Factory for everything - The Ossigeno Blog - Powered by Ossigeno 3.0_rc1

Posted by giorgio
On May 20, 2009 6:31:04 PM
factory.jpg
Why using a factory to produce simple objects? Because new keyword has to be isolated, even if it is only new Form();
We all know (or I hope so) that from a testability point of view, we should write classes that ask for dependencies in their constructor, and have factories that build the object and return a complete instance, ready to do the work. In the tipical php mvc application workflow, this is done in the controller (or in helpers).
What I have produced is action and view helpers that are created during the startup of the script and abstract away the creation of scaffolding forms; all done in the context of Zend Framework mvc implementation.
This approach is particularly useful as some business objects like repositories have dependency on the database connection and some other components: for instance the mailer that sends emails on new comments is required by their repository.
The descripted design is classic test-driven development: ask for dependencies in the constructor, so you can test the class in isolation by passing in mocks objects; then build factories that have methods for creating the top-level objects that you use in your script (or controllers, or views). We're not going to complicate it by talking about dependency injection containers.

Dive into the code
This can be an example of what I'm taliking about.

<?php
class My_CommentsRepository
{
    public function __construct(Doctrine_Connection $conn, My_Mailer $mailer)
    {
        // ...
}

class My_Factory
{
    public function createCommentsRepository()
    {
         return new My_CommentsRepository($this->_conn, new My_Mailer());
    }
}

Only top level objects need a factory method: supposing that I'm not using My_Mailer directly in my controllers or scripts, there is no need for a public method create it. You can consider a private one if it is used multiple times, or a lazy creation method in the factory that creates only one My_Mailer object to share between the multiple dependent objects.
Given that the factory is created at the startup, this kills singleton as only one instance of My_Mailer class is present in the application, but this uniqueness is controlled by the factory, as it is not a strict responsibility of My_Mailer. And it lets you test the mail sending on certain repository events by mocking out My_Mailer with PHPUnit.

What's new?
Now I get to the point of this article: what about an object with no dependencies?

<?php
class My_ScaffoldingForm
{
    public function __construct(Doctrine_Record $model)
    {
        // ...
}

My_ScaffoldingForm is an object that builds inputs and selects to reflect an active record object. The focus of this example is that its unique dependency - the record - is necessarily passed by the application level. There is no point in making a factory method that hides the Doctrine_Record instance as it is not factory responsibility to find the right model to edit.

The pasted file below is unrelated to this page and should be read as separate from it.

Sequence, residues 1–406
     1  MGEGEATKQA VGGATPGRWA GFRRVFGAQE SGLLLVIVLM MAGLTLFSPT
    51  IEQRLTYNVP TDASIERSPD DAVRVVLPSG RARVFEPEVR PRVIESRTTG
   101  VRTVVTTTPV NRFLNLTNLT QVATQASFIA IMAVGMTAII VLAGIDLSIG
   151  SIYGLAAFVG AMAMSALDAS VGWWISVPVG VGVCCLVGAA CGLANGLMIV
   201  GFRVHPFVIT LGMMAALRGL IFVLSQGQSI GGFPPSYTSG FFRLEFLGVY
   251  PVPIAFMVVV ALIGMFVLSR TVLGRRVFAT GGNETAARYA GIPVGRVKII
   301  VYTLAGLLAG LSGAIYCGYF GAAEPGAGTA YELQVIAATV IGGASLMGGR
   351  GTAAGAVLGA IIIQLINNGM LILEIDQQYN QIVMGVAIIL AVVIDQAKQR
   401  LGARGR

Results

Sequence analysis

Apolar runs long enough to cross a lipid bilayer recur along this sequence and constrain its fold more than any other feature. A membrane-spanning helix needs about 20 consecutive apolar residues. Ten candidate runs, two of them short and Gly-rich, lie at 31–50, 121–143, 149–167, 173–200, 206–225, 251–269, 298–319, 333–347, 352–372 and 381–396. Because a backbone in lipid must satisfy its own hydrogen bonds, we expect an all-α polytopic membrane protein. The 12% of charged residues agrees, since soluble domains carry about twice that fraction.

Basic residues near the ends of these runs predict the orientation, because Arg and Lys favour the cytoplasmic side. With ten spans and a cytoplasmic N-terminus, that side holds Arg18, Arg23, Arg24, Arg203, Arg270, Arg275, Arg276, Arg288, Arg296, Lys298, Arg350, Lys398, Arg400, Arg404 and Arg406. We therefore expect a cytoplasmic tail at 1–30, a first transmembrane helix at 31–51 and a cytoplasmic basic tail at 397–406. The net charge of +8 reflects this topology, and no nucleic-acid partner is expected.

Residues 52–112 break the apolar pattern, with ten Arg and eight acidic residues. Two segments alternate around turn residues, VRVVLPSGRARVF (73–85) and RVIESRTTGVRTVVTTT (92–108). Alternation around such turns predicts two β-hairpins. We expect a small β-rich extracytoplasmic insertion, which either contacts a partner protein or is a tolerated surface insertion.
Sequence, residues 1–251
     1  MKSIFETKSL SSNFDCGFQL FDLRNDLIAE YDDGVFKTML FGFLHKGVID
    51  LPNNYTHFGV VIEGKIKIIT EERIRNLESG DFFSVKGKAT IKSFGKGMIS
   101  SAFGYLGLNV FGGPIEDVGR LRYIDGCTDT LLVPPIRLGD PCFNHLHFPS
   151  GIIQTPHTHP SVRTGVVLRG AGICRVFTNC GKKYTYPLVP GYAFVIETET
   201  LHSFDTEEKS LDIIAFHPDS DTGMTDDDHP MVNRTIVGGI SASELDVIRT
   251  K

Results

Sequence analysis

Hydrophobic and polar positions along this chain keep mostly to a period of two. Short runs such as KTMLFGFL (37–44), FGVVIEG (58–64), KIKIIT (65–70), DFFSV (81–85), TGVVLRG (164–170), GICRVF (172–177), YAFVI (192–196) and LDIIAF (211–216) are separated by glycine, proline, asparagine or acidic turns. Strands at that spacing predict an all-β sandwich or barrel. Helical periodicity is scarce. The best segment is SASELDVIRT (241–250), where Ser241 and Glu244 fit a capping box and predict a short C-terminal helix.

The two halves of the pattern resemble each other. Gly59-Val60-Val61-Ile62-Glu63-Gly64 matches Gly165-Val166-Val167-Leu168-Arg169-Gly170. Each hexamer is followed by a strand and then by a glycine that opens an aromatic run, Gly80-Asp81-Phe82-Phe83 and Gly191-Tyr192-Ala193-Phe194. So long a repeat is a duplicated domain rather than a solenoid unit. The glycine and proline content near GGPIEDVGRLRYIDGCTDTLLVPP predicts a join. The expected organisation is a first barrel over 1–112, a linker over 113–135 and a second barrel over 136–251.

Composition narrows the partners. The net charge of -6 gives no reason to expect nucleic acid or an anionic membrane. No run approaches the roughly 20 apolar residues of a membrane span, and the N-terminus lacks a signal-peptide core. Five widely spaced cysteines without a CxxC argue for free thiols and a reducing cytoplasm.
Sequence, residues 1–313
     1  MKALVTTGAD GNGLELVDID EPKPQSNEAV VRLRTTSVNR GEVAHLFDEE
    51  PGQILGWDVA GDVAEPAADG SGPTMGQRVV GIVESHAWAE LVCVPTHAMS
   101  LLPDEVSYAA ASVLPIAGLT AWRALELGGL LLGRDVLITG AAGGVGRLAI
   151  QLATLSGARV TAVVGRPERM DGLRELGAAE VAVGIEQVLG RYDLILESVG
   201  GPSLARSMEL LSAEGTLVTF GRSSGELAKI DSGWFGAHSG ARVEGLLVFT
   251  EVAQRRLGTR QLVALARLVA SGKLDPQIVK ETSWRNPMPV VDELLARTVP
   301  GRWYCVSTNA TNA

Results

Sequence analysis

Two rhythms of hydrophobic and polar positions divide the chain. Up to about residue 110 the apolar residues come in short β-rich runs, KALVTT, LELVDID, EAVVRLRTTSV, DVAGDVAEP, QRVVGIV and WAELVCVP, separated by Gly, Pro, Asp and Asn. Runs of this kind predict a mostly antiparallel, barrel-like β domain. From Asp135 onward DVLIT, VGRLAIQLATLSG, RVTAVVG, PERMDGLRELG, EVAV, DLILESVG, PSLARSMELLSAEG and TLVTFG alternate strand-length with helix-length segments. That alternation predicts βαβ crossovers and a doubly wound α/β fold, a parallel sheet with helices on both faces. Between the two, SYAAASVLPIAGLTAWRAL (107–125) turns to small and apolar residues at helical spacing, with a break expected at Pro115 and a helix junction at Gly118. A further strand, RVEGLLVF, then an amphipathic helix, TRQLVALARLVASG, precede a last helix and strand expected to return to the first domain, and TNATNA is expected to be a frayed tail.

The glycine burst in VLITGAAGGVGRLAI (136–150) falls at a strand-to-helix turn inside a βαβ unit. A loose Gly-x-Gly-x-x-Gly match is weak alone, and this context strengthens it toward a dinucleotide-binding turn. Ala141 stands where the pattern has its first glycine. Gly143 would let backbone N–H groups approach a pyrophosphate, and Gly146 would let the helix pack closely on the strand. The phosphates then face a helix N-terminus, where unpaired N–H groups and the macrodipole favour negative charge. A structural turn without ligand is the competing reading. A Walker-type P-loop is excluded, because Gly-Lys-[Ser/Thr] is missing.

So we can do something like this in our application script:

<?php
// find the model
$record = $someRepository->find($_GET['id']);
// instancing the form
$form = new My_ScaffoldingForm($record);

Wrong. What I suggest is to always wrap creation of an high level object in a factory method, also if the creation process is dumb as the class has no dependency or all the dependencies are not obvious and cannot be generated by an application-wide factory.

<?php
class My_Factory
{
     // ..other factory methods
    public createScaffoldingForm(Doctrine_Record $model)
    {
        return new My_ScaffoldingForm($record);
    }
}

// in the script or controller
$form = $myFactory->createScaffoldingForm($record);

Why? Because the point is in abstracting away the process, much like the Law of Demeter suggest to do with composed/aggregated object methods. If the constructor is going to change, just one line of code has to be edited to accomodate new depencies.
My_ScaffoldingForm (in reality it is named Otk_Form_Doctrine) was becoming larger and larger and as it touches 500 lines of code I felt the need to refactor away some of the responsibility (strategy for creation of form elements basing on column types and for the population of selects with options), and so the constructor become:

    public function __construct(Doctrine_Record $model, Otk_Form_Doctrine_Strategy $elementStrategy, Otk_Form_Doctrine_OptionsManager $manager)
    {
        // ...

but the new Otk_Form_Doctrine() was in all my controller and I had to grep it and substitute it with a call to a new factory method for the form. Imagine what happens if controllers using this scaffolding form were spread in various applications over the internet. This change would break compatibility with previous versions and it would be a disaster.
I have now learned that new not only must not be in models and library classes, but it should not be in controllers too. Put all your news in factories. It will soon pay.
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